Kintsugi: How to Embrace Imperfection

This tradition mends broken ceramics and much more.

Kintsugi: How to Embrace Imperfection | This tradition mends broken ceramics and much more.

The Japanese tradition of mending broken pottery with gold highlights imperfections rather than hiding them. Kintsugi, or joining with gold, is a 400-year tradition that shows that broken objects when repaired can be made even stronger, more resilient, and even beautiful according to NBC News.  

This philosophy can apply to more than just mending objects, it can mend people too. “Kintsugi was something I had learned at a very young age, but it was brought back to me when I was going through a really hard time in my life,” Candice Kumai, the author of  Kintsugi Wellness: The Japanese Art of Nourishing Mind, Body, and Spirit, told NBC.

 “It occurred to me that people needed metaphors and objects to understand the art of healing. Kintsugi reveals how to heal and shows you that you are better with your golden cracks.”


The kintsugi technique – which is a painstaking art that can take months to complete – uses sap from a Japanese tree that is later gilded with gold. The tradition  comes from the Japanese philosophy of wabi-sabi which sees beauty in simplicity and the incomplete reported BBC Travel.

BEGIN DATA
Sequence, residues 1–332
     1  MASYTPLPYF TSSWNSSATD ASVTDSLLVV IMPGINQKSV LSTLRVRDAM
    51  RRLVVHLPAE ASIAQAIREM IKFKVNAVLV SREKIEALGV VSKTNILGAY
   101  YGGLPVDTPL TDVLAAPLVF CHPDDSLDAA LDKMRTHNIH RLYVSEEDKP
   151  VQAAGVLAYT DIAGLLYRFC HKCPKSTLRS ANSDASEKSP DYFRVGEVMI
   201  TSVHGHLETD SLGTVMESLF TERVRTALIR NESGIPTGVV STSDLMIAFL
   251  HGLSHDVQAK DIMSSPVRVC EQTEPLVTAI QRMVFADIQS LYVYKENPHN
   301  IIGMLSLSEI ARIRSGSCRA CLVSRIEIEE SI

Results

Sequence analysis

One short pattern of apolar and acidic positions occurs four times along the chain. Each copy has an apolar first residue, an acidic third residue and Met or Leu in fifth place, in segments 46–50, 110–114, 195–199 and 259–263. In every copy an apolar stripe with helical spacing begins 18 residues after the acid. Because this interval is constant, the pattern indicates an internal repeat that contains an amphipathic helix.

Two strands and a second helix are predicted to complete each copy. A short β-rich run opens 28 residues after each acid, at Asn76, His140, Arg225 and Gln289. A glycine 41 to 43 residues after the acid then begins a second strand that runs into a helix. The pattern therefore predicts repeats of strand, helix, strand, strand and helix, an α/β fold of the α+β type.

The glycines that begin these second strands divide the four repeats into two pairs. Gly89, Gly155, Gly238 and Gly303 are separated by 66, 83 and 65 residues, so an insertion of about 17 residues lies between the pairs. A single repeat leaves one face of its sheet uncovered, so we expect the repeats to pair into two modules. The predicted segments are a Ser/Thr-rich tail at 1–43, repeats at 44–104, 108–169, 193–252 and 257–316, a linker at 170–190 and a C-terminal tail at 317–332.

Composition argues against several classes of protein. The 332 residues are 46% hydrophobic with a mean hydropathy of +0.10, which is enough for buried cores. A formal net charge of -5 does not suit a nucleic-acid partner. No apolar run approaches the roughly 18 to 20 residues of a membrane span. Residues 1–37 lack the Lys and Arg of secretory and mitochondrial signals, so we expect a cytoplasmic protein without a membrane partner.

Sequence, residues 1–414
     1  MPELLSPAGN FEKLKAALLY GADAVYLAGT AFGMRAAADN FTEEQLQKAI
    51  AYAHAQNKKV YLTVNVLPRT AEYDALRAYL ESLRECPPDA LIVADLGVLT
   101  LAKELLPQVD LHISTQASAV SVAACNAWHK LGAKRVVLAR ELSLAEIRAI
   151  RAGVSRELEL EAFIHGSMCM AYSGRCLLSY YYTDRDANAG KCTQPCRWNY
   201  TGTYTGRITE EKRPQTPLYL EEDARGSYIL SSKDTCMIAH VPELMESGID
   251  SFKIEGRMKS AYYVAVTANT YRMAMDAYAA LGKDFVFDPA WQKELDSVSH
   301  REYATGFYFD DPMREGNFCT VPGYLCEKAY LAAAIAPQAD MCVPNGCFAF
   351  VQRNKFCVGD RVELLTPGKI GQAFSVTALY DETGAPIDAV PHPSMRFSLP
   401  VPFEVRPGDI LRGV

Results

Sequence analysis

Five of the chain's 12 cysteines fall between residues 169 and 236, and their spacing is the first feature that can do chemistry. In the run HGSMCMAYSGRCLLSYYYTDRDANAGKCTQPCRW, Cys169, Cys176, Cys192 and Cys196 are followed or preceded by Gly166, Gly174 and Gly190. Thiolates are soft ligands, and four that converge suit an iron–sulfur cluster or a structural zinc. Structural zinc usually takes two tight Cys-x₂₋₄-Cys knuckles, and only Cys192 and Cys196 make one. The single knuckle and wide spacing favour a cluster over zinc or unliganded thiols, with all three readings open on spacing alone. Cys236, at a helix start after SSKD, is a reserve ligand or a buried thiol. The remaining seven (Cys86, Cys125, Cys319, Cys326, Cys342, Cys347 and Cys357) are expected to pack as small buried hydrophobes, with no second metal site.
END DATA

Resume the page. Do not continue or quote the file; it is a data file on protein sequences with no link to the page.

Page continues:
Originating in Taoism, wabi actually translates to elegant beauty in simplicity and sabi means the passage of time so together, they show an acceptance of the natural world, flaws and all. This is the key to the way Japanese people view the natural world.

It is a way of embracing the uncertainty and imperfection of the natural world in a country that suffers from natural disasters. By embracing imperfection, people can learn to celebrate strengths and a more positive mindset.

Healing people's imperfections.

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Another Japanese practice that is directly related to kintsugi is gaman which translates to the ability to be patient and remain calm according to NBC. People can practice gaman by meditating, breathing exercises, or through visualizations.

By focusing on something as simple and vital as breathing, we are giving our minds a break. Resiliency can be practiced every day in how you respond to daily stresses,” Kumai told NBC.

She explained that gaman allows you to refocus your mind from challenges and to relay on your own inner strength and resiliency. “If one can practice strength from within, that is more powerful than anything negative,” Kumai added.

Gaman is practiced through meditation and breathing.

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Kansha is the act of expressing gratitude for both the good and the bad, the perfect and the imperfect. This directly relates to kintsugi which shows that something that is imperfect is still both beautiful and useful.

Practicing kansha allows you to accept what you have and live in the present. Learning to see the positive in every situation will allow you to live a happier and more fulfilled life.

Express gratitude by practicing kansha.

(Kristina Kokhanova /